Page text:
Human being capable of playing roles in a human society.
Note this implies quite a lot of capacities, that indeed also take some
20 years of education to fully acquire.
And more precisely - and also see self,
role - every sane adult human being in a human
society is treated as if one is a
as if he or she has a self, a history,
roles, responsibilities, duties, freedoms,
interests, and the ability to reason about himself or herself at least
as if all this is so, and as if there resides inside or connected to
one's body a unique entity that has all these properties, that has a
free will, and has minimally
adequate ideas about
and that can be held responsible for his or her actions, and
others, and be punished or rewarded.
To put what matters a little more precisely and distinctly - and compare
"Every man has three characters - that which he exhibits, that which
has, and that which he thinks he has." (Alphonse
1. Every person has a
sense of self, and this comes in three guises:
A. as what one is ......................... the
B. as what one believes one is ........ the
C. as one pretends one is .............. the
self is what one has made of oneself,
and comes from one's capacities, and decisions to - believe to - be a so
and so, and to
desire such and such ends.
Personality and ego
depend on the self.
4. The self can only be
experienced in part:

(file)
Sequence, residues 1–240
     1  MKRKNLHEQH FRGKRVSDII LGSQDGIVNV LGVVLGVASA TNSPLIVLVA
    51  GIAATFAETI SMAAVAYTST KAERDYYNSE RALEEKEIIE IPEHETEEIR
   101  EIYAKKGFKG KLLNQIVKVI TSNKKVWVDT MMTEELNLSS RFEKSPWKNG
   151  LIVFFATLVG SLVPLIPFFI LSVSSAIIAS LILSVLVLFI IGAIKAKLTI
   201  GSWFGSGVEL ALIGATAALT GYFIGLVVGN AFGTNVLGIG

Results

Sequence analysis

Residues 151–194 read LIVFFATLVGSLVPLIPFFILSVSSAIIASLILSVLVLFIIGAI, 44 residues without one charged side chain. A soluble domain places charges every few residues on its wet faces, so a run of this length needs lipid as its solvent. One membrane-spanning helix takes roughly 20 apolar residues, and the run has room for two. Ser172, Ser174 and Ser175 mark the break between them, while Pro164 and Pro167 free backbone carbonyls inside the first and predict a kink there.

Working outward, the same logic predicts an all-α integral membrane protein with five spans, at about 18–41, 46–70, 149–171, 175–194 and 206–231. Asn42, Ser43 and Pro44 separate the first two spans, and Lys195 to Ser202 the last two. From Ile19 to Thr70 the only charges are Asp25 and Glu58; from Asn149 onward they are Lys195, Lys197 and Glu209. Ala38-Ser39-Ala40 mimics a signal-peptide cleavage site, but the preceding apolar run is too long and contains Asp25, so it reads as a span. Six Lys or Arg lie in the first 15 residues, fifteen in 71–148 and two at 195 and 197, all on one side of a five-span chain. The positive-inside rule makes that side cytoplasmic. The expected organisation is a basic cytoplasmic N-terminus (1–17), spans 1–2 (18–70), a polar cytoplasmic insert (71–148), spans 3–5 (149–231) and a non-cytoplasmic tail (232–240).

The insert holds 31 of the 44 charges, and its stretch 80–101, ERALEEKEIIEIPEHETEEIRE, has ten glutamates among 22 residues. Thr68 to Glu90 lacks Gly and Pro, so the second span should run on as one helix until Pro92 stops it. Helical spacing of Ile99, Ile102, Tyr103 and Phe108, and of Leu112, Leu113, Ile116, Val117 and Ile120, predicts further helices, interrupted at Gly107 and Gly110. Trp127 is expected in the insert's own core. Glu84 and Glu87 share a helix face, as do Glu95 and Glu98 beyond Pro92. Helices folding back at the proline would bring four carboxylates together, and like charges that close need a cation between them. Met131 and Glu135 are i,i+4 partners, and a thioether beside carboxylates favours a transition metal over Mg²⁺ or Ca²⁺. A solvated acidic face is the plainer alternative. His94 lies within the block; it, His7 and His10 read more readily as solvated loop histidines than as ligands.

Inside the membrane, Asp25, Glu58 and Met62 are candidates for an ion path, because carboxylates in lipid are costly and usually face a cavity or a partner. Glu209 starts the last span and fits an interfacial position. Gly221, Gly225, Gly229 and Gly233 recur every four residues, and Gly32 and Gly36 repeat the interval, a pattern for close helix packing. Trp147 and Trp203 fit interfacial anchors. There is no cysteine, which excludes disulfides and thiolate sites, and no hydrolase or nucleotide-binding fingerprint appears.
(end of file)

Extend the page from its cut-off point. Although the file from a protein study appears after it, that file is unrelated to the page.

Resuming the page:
There is more to anyone than anyone can experience at any time.
5. The self changes
gradually, as it depends on learning.
That every person (if not insane or very
extra-ordinary) has a sense of
self is simply a matter of everyday experience,
in the sense that one experiences one's self
(or believes one does)
and others act, talk and
behave as if they experience their selves.
The self is far more comprehensive that the
roles it plays, so to speak:
What one believes oneself to be is one of the things
the self does - basically, constructing a theory about itself, and adopting
that, and one's self is created and built during one's life, and is
normally far larger and comprehensive than one can be
conscious of or show
at any particular moment.
It is important to see that, at least in ordinary
reality, people make themselves to a considerable extent - as is quite
clearly possible if what they believe they are, is, like their other
theory, which is continuously revised and updated, and depends on
their own choices and
And it is also important to see that one can only
experience part of what one is at any time, and, moreover, that what one
does experience is always in part effect of and in part
whatever caused the experience, and never the real thing, insofar as it is
not a simple bodily pain or pleasure. (And even that is in fact a message
of the kind "your toe requires attention").
It is also important to see that, in the terms of this
remark, most people mistake their
ego for their
self; that every adult who
is not thoroughly insane plays some role (father, mother, employee, Good
Christian etc.) nearly all the time, and tends to confuse himself or herself
with the roles one plays in society; and that very few adults dare to act, think or
feel out of the characters they familiarly play. (This last fact, which may
be named the lack of individual character, is one of the root causes of
human history being by and large a "record of the crimes and follies of
mankind" (Gibbon): Mass-murdering, genocides etc. are perpetrated by
perfectly ordinary and average people on perfectly ordinary average people
for perfectly ordinary and average human weaknesses. If ordinary human
beings would be able to create a just society, they would have done so long
ago. See: Coster and